Although the Kabuki Dance in Washington is grabbing all the headlines, the stock market will ultimately be driven by earnings, inflation and interest rates. Stock values go up when earnings rise and go down when inflation and interest rates rise. So let’s see what our Investment Climate analysis, shown below in the “Climate” section of these Views, is telling us about these three critical factors.
To quote CNBC’s Larry Kudlow, “Earnings is the mother’s milk of the stock market.” We use a 50-day moving average of S&P500 EPS as shown in our S&P500 WatchList to track earnings. The current level of this value is $4.01 per share and its earnings trend on a scale of 0.00 to 2.00 is 1.07, which is favorable. We consider the Investment Climate to be Bullish as long as this indicator is above 1.00. This analysis deserves special attention so we report on it every week in the Investment Climate report. For more information, please read my essay of October 13, 2006.
Ironically, the current level of the earnings trend indicator is 1.07, exactly what it was on October 13, 2006. Then, as now, earnings are forecasted to grow at a slower rate, but don’t break into a cold sweat. This indicator moves slowly and we will keep you informed.
VectorVest tracks three measures of interest rates. These are: 90-Day T-Bills, 10-Yr. T-Notes and 10-Yr. AAA Corporate Bonds. The current level and trend of each of the rates is calculated every week. The current average of these three interest rate trends is 1.44. Therefore, interest rates are deemed to be falling.
You should be aware that on Wednesday, Dr. Ben Bernanke, Chairman of the Federal Reserve Board, reported that the Fed would begin to use both inflation and unemployment targets to help set monetary policy. Specifically, he said they would keep short-term rates near zero until the unemployment rate falls to 6.5% and inflation is forecast to reach 2.5%. They don’t expect these conditions to arise until mid-2015.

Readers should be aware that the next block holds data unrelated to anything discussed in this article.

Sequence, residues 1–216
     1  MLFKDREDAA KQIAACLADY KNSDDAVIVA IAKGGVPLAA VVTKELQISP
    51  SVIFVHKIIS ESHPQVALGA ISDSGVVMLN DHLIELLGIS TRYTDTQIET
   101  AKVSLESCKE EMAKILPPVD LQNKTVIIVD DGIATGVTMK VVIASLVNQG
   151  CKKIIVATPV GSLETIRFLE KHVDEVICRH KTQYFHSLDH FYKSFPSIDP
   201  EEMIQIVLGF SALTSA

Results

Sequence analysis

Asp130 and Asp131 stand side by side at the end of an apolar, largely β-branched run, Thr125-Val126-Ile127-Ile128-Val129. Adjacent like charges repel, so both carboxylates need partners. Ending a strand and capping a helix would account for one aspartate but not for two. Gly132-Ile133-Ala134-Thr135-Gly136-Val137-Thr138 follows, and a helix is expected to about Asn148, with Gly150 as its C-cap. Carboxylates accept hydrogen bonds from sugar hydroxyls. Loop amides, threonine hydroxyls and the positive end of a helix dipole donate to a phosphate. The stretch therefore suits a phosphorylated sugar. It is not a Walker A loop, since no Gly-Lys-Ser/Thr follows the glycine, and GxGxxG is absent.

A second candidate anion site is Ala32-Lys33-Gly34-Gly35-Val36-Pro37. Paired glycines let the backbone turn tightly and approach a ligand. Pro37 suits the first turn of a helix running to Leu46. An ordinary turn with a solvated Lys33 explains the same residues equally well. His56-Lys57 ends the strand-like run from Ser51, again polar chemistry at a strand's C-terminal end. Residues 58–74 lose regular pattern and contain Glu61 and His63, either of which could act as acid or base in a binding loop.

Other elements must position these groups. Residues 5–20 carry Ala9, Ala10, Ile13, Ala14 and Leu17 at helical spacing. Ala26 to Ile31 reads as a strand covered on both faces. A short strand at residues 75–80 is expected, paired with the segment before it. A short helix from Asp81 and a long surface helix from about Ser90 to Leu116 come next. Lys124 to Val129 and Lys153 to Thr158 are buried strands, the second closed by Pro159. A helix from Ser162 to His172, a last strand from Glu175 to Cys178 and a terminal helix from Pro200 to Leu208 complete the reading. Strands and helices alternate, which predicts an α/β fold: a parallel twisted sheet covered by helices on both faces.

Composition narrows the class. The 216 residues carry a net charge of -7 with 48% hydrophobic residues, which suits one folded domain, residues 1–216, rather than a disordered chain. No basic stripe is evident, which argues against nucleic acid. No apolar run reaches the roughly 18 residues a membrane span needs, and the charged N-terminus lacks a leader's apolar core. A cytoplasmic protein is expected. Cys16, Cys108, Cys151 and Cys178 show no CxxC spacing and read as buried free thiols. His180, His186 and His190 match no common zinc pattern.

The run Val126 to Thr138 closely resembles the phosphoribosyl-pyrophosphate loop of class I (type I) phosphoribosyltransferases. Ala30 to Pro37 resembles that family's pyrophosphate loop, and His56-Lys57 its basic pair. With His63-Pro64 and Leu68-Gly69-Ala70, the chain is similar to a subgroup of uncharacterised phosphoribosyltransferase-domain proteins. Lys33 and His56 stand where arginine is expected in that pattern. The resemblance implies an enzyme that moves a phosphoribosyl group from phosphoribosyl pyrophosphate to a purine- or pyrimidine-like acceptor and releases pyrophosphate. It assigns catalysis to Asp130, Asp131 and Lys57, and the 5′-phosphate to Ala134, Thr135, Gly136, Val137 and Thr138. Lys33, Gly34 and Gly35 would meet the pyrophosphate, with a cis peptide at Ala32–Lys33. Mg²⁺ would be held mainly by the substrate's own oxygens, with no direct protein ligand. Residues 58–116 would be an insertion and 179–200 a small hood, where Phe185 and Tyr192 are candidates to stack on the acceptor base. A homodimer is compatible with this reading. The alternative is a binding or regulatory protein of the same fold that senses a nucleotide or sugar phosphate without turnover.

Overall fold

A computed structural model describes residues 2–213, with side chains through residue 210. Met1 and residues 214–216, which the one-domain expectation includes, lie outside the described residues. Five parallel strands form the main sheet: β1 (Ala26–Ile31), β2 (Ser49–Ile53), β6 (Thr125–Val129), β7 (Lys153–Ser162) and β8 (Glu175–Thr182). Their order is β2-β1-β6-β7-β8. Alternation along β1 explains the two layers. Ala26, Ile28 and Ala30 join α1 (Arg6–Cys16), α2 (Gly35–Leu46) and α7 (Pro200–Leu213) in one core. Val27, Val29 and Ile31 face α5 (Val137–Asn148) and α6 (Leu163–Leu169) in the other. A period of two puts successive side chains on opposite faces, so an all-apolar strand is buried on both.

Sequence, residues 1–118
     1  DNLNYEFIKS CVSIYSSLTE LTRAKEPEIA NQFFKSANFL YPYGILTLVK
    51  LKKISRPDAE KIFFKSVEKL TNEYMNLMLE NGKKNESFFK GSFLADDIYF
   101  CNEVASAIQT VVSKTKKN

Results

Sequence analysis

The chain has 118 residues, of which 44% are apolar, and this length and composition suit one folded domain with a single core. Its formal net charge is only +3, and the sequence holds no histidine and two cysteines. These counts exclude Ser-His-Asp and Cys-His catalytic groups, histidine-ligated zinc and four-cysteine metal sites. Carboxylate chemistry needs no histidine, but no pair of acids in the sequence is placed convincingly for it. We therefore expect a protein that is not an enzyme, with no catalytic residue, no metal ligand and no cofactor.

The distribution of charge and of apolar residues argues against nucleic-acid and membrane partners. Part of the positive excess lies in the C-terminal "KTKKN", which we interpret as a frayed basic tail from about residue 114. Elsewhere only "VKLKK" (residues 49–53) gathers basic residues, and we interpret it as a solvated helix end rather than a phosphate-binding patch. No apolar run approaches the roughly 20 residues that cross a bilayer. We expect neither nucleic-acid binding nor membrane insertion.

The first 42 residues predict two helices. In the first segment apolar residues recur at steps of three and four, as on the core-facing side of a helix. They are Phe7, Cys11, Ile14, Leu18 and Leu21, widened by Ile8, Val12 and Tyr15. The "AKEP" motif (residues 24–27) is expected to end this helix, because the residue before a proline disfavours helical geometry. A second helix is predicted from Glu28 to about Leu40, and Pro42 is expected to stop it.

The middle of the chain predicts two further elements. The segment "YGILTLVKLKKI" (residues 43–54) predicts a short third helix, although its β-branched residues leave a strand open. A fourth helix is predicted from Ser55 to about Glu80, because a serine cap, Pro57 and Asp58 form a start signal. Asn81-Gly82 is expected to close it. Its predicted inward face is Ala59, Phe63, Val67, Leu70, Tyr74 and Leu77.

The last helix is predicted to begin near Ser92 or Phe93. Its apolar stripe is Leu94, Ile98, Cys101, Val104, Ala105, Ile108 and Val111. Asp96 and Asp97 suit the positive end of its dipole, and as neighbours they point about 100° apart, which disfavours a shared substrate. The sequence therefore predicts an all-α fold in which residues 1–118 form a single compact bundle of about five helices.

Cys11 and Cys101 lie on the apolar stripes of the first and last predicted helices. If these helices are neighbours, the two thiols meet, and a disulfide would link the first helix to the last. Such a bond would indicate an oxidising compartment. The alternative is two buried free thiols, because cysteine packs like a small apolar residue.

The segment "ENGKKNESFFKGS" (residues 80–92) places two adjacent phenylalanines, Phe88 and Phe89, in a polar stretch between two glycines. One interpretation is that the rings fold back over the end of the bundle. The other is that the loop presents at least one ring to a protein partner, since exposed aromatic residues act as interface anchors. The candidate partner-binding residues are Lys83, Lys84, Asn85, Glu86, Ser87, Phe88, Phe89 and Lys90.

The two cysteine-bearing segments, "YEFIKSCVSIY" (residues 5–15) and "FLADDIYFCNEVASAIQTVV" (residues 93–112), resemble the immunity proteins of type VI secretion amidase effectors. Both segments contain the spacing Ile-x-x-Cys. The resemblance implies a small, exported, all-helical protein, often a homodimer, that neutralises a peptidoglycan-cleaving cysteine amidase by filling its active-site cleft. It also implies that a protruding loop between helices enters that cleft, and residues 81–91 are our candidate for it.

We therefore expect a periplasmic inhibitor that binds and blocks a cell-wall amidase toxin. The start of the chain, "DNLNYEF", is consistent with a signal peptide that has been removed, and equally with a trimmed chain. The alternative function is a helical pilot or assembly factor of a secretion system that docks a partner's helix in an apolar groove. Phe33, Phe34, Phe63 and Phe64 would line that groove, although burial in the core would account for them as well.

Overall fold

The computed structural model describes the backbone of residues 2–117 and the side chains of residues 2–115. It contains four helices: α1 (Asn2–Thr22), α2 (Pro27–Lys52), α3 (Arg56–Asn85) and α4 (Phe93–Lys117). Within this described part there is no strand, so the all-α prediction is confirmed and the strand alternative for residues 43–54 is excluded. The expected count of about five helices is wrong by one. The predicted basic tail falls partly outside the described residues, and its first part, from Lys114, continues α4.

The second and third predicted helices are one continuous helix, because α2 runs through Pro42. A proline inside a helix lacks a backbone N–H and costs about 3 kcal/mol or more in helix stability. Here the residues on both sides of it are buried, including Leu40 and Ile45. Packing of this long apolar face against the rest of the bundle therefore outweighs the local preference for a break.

In regard to inflation, the Labor Department reported today that the Consumer Price Index, CPI, rose 1.8% year-over-year in November. This rate is down from October due to lower gas prices, but our CPI trend indicator is at an unfavorable level of 0.86, which means it is rising.
Dr. Bernanke alleges that inflation will remain low for years to come. Maybe so, but he is playing a risky game by flooding the world with money at extremely low interest rates. Unless America turns into another Japan, rampant inflation will eventually rear its ugly head and stock values will drop like a rock. So we need to watch this indicator very carefully.
The Commodity Research Bureau’s Price Index, CRB, is a leading indicator of inflation trends. At a current level of 292.70 it is very close to its 40-week moving average and trending higher from a recent June 2012 low of 268. Therefore, its trend indicator is unfavorable at 0.92. With earnings and inflation rising while interest rates are falling, we currently have a Case 1, Bull market scenario. For more information on these scenarios, please see the Views of 03/21/2003, 03/28/2003, 10/24/2003, 09/29/2006 and 10/13/2006. You may see graphs of the Investment Climate indicators by clicking on the Graphs tab and clicking on Market Climate. It will be interesting to see how the Kabuki Dance unfolds through the lens of the Investment Climate Indicators.